After several days spent in self-indulgent depression while lazily fishing, practicing spells, and basking in the waning sun of the beginning of autumn, she reluctantly accepted that Drizzt was not coming back, and life began to fall back into a familiar rhythm. With it came another familiar itch.
She began to walk with a little more purpose. Because she had things to do, still. Things that she was free to pursue now that no one was there to shame her for them.
Maybe Drizzt was right. Maybe she was still just resentful about what had happened to her. But so what? Why shouldn’t she be? Wasn’t that her right? Didn’t she deserve at least that small freedom, after everything that had happened? And didn’t she deserve to find out what her would-be executioners had been doing since she left? Didn’t she deserve justice? Didn’t Rachel?
She was going to find Rainer, and she was going to do what needed to be done.
It was odd how little the village had changed.
It wasn’t really, she supposed. But it did feel strange, coming back after so long and finding it still there, unbothered by her absence. The Fletcher children played by the pond on the far end of the village. Holly and Reyna Gwyn were loading up a cart with goods to take to town, working quickly to finish before nightfall. Smoke rose languidly from chimneys as people prepared dinner. Life had gone on without her, as if she’d never been there to begin with.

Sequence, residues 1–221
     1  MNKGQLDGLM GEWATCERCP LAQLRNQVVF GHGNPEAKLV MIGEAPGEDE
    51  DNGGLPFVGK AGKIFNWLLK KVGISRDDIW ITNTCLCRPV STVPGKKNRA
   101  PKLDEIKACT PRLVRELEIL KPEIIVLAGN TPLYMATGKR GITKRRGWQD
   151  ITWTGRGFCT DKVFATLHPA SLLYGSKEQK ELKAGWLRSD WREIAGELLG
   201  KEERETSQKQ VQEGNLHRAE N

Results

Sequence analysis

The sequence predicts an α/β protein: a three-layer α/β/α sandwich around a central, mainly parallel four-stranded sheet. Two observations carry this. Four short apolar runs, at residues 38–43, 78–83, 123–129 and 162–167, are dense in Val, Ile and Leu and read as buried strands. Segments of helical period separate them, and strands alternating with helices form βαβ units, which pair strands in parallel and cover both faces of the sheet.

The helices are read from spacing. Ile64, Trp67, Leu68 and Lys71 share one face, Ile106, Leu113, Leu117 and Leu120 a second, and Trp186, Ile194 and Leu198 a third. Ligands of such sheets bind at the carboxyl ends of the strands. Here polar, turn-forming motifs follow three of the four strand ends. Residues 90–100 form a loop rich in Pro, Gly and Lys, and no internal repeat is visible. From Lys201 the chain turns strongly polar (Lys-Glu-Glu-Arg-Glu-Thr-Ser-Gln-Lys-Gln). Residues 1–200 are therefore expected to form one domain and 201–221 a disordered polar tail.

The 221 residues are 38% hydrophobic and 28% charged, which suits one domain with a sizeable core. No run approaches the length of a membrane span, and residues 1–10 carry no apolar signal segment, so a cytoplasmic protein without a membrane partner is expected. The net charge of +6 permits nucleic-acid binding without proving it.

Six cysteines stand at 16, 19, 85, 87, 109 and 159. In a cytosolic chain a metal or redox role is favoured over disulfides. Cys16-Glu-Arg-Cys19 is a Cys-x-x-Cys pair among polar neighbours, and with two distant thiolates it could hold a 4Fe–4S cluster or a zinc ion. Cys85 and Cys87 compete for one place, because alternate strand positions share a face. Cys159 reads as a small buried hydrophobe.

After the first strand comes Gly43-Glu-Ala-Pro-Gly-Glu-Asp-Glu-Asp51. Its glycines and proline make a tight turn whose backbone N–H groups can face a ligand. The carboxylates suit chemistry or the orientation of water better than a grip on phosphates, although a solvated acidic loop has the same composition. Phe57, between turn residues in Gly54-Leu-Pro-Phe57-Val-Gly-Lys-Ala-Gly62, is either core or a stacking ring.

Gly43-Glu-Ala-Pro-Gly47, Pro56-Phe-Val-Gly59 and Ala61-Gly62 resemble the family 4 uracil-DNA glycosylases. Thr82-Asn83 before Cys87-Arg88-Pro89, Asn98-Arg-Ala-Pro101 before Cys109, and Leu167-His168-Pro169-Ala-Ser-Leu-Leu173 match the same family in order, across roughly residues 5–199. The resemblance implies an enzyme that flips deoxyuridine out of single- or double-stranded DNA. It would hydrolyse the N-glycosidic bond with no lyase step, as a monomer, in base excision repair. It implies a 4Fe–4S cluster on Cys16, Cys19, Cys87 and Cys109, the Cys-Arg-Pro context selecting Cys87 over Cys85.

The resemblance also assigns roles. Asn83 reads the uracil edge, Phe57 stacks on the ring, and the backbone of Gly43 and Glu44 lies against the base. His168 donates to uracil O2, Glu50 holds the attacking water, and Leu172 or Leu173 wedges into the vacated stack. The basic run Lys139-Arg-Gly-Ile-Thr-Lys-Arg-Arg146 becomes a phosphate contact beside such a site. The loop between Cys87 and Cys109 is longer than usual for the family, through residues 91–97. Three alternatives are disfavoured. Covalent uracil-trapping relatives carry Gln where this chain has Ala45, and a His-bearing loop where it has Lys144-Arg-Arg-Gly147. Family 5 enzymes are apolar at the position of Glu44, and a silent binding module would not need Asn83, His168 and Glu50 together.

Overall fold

She watched them from the trees on the hillside beside the village, where she leaned into the shadow of a large cottonwood. Now that she was there, she didn’t know exactly what she had meant to do there. For a long time she just watched, and was not sure what she was feeling.
The village was arranged roughly along a single large clearing between two hills, in a long U shape. Near the middle of the village was Ash’s plot. From where she stood, she could just see the thatch roof of her house. A morbid curiosity gripped her. It would do no good to go there. She knew that. But she had to see.
She backed up, careful to avoid any chance of being seen, and crept the long way around toward the house.
By the Kendricks’ house, where the open field behind their house met the brush, was a recently dead goat. Ash snorted. The sickness that had taken the other animals had taken this one also, well after the village witch had gone. Perhaps if they’d tried to find the real reason for the deaths instead of blaming her, the poor thing would have survived.
When she had rounded the entire village and lurked in the brush behind her house, she paused for a long time, waiting to be sure that no one would suddenly emerge from the house and catch her. That was not a confrontation she wanted to deal with at the moment.
The house looked mostly unchanged from her memory of it, though she noticed right away that a few things were not as she had left them. A rake leaned against the chicken hut, as if someone had been cleaning and hadn’t yet put it away, and a ladder that she’d been using while repairing the roof had been taken away somewhere. She felt a little surge of possessiveness, which she knew was foolish at this point. She disliked the idea of other people touching her things, on principle.